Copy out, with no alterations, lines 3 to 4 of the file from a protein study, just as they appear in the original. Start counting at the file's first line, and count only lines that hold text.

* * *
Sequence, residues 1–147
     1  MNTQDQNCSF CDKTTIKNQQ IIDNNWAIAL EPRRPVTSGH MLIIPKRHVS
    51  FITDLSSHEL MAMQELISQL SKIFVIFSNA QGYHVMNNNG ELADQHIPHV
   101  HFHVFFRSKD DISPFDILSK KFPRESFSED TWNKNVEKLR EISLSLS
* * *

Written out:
    51  FITDLSSHEL MAMQELISQL SKIFVIFSNA QGYHVMNNNG ELADQHIPHV
   101  HFHVFFRSKD DISPFDILSK KFPRESFSED TWNKNVEKLR EISLSLS